If a recipient does not respond to the information request, the ministry will review the case to determine if there are any circumstances that may have impacted the recipient’s ability to respond and act according to ministry policy [see Related Links – Individual Case Management – Policy - Duty to Accommodate].

If some, or all, of the requested documents are submitted by the document submission due date the ministry proceeds by reviewing case notes, documents, and payment history. This includes:

  • confirming required identification and valid consent
  • completing third party checks
  • verifying shelter expenses
  • reviewing income and asset information
  • assessing current and past eligibility
  • updating the case, as needed

Depending on circumstances, the review may also involve:

  • completing new consents
  • clarifying information with the recipient
  • requesting additional information from the recipient
  • referrals for other services, programs or supplements

Step 3:  Additional Letters (if required)

If only some of the requested documents are submitted by the document submission due date, a follow up letter is sent which outlines documents still required and provides due dates for documents to be submitted.

Additional request for information letters may be sent when other documents are required to confirm information during the review.

All information requests follow ministry policy [for more information, see Related Links - Information & Verification].

Step 4:

Cheque Hold (if required)

If no documents are submitted by the submission date of the first request letter, the ministry will attempt to contact the recipient by phone (minimum of 2 attempts). 

The ministry will then send a second request letter with a cheque hold notification for the next reasonable cheque following the document submission due date in the second letter and minimum of 16 business days from the date the letter is sent.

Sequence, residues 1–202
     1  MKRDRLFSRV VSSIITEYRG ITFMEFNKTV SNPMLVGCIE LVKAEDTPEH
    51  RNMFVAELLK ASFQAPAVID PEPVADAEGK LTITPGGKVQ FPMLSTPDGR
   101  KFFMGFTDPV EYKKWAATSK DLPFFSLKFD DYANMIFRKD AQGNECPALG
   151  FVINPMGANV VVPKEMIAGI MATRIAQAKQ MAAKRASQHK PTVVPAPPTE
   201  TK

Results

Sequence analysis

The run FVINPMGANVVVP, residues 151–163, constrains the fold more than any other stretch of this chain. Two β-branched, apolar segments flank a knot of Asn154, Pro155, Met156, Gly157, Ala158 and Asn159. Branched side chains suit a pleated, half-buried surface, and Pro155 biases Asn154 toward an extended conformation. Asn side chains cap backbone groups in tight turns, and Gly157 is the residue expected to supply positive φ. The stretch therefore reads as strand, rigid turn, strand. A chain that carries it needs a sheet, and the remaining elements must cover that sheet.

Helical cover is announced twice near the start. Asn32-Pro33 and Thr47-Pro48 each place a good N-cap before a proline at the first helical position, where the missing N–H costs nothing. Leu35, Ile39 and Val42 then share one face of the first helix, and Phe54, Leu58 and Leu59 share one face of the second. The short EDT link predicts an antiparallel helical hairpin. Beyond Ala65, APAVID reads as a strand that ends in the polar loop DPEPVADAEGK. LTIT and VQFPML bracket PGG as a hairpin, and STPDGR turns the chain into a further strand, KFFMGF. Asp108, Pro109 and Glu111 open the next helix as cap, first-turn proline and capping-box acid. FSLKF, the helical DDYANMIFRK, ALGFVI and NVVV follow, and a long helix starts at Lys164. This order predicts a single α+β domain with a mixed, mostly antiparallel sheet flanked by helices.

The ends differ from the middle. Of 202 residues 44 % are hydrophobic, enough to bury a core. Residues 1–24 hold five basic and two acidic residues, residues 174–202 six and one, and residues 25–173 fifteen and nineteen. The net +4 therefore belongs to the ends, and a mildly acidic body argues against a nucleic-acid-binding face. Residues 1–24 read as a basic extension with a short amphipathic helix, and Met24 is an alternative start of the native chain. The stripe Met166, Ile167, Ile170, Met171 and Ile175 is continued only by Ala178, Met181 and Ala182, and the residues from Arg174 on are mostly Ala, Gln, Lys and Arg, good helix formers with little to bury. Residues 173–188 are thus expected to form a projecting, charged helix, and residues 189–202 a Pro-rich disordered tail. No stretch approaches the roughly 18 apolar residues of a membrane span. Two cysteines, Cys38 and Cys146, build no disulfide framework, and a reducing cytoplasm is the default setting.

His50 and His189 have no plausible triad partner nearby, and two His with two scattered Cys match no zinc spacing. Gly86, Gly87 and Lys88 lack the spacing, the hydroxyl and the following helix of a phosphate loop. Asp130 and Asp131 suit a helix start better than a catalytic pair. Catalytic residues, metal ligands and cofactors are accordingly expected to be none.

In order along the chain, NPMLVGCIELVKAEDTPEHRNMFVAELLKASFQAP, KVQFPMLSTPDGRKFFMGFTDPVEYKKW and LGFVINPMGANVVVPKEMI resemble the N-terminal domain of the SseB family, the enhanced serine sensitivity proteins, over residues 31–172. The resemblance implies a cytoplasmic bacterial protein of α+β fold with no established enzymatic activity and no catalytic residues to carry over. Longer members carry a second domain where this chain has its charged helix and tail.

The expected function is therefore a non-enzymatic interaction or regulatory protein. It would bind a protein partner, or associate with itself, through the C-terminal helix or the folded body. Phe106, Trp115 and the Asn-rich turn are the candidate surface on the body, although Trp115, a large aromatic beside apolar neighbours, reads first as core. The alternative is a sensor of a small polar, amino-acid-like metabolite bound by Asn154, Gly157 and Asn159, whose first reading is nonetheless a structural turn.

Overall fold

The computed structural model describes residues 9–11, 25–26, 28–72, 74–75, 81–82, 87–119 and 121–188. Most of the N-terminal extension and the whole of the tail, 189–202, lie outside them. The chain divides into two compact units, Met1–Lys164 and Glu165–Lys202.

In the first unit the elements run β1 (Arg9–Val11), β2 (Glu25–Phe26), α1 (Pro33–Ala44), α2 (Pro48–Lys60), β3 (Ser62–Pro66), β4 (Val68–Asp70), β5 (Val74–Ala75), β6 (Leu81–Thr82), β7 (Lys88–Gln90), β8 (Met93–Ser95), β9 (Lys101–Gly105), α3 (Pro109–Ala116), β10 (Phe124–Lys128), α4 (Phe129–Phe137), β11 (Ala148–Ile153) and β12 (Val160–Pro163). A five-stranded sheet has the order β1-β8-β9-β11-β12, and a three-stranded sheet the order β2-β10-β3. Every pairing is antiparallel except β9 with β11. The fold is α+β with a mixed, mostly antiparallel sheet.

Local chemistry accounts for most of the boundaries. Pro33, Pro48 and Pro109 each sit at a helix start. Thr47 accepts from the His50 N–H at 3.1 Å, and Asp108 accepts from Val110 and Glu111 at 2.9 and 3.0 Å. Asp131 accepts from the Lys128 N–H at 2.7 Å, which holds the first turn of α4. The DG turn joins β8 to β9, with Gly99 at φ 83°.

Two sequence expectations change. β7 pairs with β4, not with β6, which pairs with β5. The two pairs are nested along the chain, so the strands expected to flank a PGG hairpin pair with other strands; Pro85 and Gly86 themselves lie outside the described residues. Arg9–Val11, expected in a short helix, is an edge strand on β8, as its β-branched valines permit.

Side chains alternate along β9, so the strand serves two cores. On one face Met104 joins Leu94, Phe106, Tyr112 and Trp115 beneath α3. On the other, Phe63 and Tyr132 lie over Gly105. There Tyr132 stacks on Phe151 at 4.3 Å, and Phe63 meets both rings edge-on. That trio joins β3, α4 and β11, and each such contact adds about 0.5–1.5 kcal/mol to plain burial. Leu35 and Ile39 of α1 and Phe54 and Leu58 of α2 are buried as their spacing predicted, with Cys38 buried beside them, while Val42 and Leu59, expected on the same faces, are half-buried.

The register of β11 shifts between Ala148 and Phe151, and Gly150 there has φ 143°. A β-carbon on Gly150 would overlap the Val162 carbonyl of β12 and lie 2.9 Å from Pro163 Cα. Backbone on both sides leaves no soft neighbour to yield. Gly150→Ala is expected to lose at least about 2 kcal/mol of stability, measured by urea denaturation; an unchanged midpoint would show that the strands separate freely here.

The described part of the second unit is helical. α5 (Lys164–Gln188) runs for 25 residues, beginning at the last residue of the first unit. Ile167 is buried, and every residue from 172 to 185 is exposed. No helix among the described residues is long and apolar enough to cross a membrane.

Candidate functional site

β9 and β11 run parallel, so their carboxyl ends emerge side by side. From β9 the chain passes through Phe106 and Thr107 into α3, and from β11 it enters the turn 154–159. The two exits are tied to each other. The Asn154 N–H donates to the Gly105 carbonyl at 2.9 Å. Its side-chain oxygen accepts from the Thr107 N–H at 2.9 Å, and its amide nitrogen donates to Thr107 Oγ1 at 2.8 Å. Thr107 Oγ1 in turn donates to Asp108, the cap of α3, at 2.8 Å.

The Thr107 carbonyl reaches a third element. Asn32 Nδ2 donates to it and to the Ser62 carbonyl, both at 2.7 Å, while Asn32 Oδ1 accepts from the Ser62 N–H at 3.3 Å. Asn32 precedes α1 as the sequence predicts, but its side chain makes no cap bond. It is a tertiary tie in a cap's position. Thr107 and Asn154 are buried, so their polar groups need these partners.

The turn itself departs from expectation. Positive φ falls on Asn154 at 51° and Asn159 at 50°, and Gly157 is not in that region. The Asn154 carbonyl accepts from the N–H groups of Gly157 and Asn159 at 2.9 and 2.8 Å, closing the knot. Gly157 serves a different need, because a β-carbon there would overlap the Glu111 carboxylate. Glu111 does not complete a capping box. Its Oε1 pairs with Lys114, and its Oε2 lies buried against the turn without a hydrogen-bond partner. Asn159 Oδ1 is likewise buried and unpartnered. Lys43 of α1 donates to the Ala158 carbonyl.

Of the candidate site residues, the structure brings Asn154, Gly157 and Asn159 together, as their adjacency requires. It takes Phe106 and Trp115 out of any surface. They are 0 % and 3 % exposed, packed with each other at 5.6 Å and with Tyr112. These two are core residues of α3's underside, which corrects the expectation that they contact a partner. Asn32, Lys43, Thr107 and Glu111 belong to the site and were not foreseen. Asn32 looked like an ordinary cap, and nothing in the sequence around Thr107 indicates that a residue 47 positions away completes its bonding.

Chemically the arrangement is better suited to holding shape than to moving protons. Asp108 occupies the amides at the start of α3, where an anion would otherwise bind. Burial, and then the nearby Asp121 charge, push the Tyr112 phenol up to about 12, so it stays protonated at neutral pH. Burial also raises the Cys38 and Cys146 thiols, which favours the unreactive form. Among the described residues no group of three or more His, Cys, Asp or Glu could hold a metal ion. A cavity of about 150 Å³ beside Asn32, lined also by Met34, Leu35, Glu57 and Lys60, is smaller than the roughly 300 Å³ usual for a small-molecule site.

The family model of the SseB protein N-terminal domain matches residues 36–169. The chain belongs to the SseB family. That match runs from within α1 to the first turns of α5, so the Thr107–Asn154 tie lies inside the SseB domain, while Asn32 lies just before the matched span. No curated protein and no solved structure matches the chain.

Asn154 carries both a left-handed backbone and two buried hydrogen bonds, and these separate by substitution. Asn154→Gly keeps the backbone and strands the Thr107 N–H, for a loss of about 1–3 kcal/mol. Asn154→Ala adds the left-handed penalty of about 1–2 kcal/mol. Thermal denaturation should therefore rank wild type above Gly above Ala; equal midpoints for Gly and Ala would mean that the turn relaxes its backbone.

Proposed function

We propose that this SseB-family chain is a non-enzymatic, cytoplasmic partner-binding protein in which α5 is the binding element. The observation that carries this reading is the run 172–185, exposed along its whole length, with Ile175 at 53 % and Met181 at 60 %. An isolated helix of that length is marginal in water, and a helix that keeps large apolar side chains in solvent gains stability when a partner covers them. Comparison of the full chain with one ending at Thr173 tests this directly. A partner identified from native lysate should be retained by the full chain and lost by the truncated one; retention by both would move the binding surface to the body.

In many cases, cheque holds can be released by any authorized staff (EAW, CSW or Service BC agent) with the submission of at least one of the required documents. If staff has any questions in regards to the cheque hold, they can contact Prevention and Loss Management Services (PLMS) [see Contacts].  In some cases the client will need to speak with a Quality Compliance Specialist (QSC) to have the cheque hold released; for example, the QSC needs to have a conversation with the client in order to establish eligibility.

Should the recipient require more time or need help to obtain or submit documentation, they can contact the ministry.  

If some, or all, of the requested documents are submitted by the document submission due date the ministry proceeds with the review (see Step 2).

If there is still no contact from the recipient, the ministry will proceed with a discontinuation letter (see Step 6).

Step 5:  Notify recipient of Decision

When the review is complete, the ministry will communicate, in writing, the decision resulting from the review, including whether there is:

  • no change to assistance
  • an increase, decrease or discontinuation of assistance
  • an underpayment or overpayment

If there is a change to a recipient’s assistance, they will be provided with information that explains:

  • the substantive reason for the change and the specific information used to make the decision
  • the relevant legislation applied to their case
  • their right to and how to request a review of the decision (reconsideration)

[For more information, see Related Links – Original Decisions.]

Step 6:  Discontinuation of Assistance letter (denial, right to reconsideration)

If the requested information has not been submitted, the ministry will attempt to call the recipient (2 attempts).

The ministry sends a discontinuation of assistance letter which includes the date the recipient’s case will close (26 business days from discontinuation letter), information on their right to a review (reconsideration) of the decision and how to request one.

Should the recipient require more time or need help to obtain or submit documentation, they can contact the ministry.  

If some or all of the requested documents are submitted by the document submission due date the ministry proceeds with the review (see Step 3).